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Powerful pound provides capital gains on city breaks

1st April 2014 Print
City break

Budapest has retained its position as the cheapest city break destination in the sixth annual Post Office Travel Money survey of prices for UK tourists in 25 leading cities.  Research for the 2014 City Costs Barometer found that prices in the Hungarian capital have fallen 11 per cent year-on-year, thanks to a combination of lower hotel costs and the stronger pound.
At under £117 for 12 typical city break items – including an evening meal for two with wine, drinks, two nights' weekend accommodation, sightseeing and city transport – Budapest remains best value for bargain hunters.  Lithuanian capital Vilnius (£118) is close behind, with Warsaw (£132) and Prague (£136) completing a clean sweep for Eastern Europe.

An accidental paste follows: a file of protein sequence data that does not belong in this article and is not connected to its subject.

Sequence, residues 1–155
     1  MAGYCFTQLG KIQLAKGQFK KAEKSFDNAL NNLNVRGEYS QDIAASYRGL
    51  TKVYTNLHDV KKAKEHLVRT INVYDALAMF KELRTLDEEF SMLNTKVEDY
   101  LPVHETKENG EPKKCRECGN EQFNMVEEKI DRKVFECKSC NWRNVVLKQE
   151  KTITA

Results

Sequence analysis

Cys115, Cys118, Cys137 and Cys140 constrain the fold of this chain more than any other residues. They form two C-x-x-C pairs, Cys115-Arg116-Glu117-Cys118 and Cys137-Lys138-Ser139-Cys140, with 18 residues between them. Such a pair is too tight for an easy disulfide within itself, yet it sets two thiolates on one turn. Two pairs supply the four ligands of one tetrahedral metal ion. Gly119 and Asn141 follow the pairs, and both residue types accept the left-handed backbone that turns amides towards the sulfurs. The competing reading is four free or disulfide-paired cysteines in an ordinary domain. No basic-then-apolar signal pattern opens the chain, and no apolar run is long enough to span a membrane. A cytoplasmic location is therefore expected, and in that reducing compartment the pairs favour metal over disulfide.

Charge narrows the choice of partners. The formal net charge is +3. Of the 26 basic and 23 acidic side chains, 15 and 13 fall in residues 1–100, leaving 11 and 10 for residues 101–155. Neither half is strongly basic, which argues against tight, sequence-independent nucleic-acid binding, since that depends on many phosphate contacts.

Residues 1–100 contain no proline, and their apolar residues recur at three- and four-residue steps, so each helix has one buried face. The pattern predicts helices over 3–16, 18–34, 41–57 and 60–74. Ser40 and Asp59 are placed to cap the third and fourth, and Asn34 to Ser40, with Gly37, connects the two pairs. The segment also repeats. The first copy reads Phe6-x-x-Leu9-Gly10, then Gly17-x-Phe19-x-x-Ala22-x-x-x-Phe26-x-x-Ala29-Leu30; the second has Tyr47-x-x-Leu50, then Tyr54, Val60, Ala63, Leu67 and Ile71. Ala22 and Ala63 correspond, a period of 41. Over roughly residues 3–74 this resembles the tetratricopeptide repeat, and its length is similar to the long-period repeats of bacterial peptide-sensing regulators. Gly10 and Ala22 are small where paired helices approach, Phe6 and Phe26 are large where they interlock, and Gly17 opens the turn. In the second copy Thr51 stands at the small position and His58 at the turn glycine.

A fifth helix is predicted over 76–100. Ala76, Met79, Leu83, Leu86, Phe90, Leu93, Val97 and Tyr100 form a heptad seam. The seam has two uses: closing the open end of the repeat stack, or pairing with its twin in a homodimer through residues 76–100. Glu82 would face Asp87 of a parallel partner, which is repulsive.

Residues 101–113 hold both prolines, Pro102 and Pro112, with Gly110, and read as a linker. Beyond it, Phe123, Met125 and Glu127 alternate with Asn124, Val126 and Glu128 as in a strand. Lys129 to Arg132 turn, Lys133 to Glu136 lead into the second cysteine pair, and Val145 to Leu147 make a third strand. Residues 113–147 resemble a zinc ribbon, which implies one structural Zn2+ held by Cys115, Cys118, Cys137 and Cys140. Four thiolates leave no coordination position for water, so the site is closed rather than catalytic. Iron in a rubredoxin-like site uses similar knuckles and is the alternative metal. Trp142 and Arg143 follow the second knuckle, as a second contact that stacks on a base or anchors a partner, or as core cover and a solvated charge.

Prague saw price falls of over 17 per cent to power past Lisbon, Riga and Dubrovnik into fourth place in this year's barometer. For the second year running Post Office researchers found that meals and drinks are cheaper in the Czech capital (£27) than anywhere else.
Andrew Brown of Post Office Travel Money said: “Meals and drinks are rarely included in city break packages so it is important to check prices before booking.  Over a weekend break we found that tourists could pay four times as much for meals and drinks in Copenhagen as they would in Prague.  We also found that a meal for two with wine in Prague cost £22, less than half the price charged in 17 other cities across Europe.”